Review: Mark Z. Danielewski’s "The Fifty Year Sword"

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The storyteller has arrived at the final destination of a route Chintana has only begun to travel; he incarnates without remainder the dead-end calculus of endless retaliation. “I am a bad man with a very black heart,” he announces at the outset of his story to Chintana and the orphans, sitting before a long, rectangular box with five latches. Spurred by some unmentioned injury, he embarks on a kind of grand antiquest: “I went in search of a weapon.” Conventional weapons, like “oils and poisons,” “explosives,” and “small guns, big guns, guns powerful enough to sever something, anything, in half with just one blast,” prove insufficient: nothing “could match my taste for what my blackness ceaselessly scratched for.”

The storyteller’s peregrinations across a mythical landscape provide the book with some of its most arresting sections: he wanders among “curious derelictions half-buried in abandoned farmlands” and visits “poisonous pools lingering in ancient quarries.” In order to adequately describe the “Forest of Falling Notes,” where “sounds could not hold together,” the storyteller instructs his audience, “Imagine every sound a sigh of but one thing dying and instead of coming one after another it sighs a sigh of all at once. What would that sound like?”

At last, the storyteller comes face to face with the “Man With No Arms,” a purveyor of unusual, even fantastical swords for which he exacts equally fantastical prices. For instance, one of his swords “kills the taste of salt.” Yet another of them “kills the smell of Wild Lupine, Blackberry Lily and lush Evening Primrose.” With regard to a few of his most impressive swords, the Man With No Arms boasts: “One sword will kill a season. One will kill a country. One I’m making now will even kill an idea.” Clearly, the question of the contents of the long, rectangular box at the storyteller’s feet may no longer be ignored. A crucial decision clanks closer for Chintana.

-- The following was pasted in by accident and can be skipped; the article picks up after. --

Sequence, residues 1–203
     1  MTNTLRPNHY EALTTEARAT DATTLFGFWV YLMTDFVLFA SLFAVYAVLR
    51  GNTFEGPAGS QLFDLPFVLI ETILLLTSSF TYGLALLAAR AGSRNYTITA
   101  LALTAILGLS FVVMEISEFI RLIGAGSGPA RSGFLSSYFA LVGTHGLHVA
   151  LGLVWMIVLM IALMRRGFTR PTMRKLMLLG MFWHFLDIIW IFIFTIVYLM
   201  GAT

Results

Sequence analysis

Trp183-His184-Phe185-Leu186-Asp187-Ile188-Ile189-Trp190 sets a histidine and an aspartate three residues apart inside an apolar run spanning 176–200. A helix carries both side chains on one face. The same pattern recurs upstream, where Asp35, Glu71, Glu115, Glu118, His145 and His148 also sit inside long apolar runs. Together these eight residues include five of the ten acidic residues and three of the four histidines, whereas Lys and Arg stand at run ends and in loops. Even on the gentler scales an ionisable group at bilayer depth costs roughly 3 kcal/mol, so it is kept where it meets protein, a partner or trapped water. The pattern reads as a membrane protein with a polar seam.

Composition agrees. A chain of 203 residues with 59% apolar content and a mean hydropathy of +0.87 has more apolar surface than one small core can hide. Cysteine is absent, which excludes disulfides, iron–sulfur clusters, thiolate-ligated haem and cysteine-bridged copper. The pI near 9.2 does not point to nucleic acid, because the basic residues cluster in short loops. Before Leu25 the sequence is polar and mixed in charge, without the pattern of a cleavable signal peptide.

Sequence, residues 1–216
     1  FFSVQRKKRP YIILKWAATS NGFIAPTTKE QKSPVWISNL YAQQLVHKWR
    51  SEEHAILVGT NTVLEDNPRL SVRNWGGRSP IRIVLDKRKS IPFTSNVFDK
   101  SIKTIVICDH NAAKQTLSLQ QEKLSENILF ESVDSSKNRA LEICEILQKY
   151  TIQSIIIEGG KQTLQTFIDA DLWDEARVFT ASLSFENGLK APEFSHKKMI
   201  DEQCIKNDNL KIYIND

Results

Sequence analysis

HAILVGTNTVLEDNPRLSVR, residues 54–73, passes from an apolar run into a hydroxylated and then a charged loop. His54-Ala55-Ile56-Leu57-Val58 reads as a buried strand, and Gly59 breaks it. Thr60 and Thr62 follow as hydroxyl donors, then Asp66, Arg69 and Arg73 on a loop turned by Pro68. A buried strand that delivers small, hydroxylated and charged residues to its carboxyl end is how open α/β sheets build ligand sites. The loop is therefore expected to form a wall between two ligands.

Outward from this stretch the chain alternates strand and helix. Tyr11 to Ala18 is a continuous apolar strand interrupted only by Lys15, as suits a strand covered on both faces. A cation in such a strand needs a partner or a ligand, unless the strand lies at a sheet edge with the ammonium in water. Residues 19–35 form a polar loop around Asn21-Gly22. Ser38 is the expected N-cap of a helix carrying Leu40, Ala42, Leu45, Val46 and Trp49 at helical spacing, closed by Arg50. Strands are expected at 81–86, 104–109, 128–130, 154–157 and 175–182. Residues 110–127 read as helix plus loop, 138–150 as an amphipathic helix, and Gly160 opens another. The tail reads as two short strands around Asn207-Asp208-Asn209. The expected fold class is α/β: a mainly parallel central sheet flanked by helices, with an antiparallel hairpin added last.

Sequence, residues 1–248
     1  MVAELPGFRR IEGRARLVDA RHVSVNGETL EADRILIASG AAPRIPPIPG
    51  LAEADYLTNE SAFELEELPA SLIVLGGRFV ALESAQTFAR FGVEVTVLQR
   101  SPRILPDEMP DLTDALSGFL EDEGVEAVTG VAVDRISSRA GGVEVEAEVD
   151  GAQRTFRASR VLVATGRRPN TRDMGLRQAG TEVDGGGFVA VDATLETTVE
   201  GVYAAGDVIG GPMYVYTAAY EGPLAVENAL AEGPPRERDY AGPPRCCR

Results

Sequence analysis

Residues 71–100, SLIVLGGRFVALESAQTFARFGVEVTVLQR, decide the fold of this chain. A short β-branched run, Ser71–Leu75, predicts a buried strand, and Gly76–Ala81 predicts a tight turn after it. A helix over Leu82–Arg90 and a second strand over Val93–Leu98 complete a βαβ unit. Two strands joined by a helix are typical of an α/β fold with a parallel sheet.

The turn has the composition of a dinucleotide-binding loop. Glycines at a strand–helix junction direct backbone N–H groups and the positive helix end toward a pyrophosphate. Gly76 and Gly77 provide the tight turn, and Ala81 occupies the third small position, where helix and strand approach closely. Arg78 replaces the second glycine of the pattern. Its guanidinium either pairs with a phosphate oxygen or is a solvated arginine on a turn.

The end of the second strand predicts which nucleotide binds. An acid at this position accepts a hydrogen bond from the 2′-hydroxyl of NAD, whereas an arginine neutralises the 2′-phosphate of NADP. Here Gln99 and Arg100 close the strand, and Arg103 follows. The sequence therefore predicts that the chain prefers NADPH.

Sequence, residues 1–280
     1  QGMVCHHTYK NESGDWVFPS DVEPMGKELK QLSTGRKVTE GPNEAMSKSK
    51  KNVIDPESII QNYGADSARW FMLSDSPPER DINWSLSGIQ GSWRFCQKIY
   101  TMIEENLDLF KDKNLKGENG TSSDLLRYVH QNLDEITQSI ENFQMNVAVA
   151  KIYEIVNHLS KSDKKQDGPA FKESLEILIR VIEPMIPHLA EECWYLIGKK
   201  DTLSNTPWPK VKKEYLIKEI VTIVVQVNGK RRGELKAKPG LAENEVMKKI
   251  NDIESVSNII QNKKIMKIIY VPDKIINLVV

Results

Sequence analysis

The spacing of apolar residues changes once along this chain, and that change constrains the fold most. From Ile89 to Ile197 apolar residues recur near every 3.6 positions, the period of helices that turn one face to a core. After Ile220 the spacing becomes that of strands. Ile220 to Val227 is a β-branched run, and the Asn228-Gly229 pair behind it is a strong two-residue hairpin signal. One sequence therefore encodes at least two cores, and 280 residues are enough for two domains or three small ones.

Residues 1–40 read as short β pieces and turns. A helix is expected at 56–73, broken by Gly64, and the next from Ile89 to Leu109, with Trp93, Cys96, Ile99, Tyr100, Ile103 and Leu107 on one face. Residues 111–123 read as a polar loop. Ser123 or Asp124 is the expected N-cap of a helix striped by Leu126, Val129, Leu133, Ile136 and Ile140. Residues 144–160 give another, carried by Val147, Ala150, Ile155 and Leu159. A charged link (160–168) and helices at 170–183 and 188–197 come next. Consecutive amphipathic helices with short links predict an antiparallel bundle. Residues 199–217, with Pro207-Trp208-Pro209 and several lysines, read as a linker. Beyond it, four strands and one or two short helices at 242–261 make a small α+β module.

Stitching binds together, and violence tears apart. It is to the credit of Mr. Danielewski that he so carefully and relentlessly explores the idea of the former in The Fifty Year Sword, contriving a metaphysics of stitching amid a universe of violence. Stitching not only repairs everyday forms of injury and ruin, but it also enables the creation of meaning itself via the material technology of bookbinding (foregrounded by special red thread in the case of The Fifty Year Sword), as well as the formal sense in which all texts presuppose a combination of elements. Perhaps the most poignant way stitching functions in The Fifty Year Sword is in its relation to personal authenticity—the holding together of what is most oneself, come what may, which comes so decisively to the fore at the climax of the narrative.

According to the ancient philosopher Empedocles, the two kinetic principles of the universe were Love and Discord. Both are equally necessary to the development of life, but in different ways. In this context, a nascent critique of Mr. Danielewski suggests itself. Put simply, the absolute elevation of preservation over destruction depends on the assumption that everything is worth preserving and nothing worth destroying. In essence, The Fifty Year Sword lacks a productive role within it for negation, recognizing therein only the deranged malice of the traumatized.

In so doing, The Fifty Year Sword breaks from a certain experimental or avant-garde legacy that is dedicated, for lack of a better word, to destruction—to rending what is false and ripping off the masks of power, to exposing the violent truth of things. Instead, it lingers all too long in the warm glow of a mythic reassurance where the world’s salvation is only ever a magical talisman away. Darkness is summoned, Halloweenlike, only to be ritually banished at the break of dawn. At its best, Mr. Danielewski’s book is an evocation of the fragility and connectedness that underlie everything worth keeping, but at its worst, it recapitulates a mythology of uncritical affirmation. The needle is a tool, but so is the sword.

This review appears in the December print issue of The American Reader, on newsstands November 30th.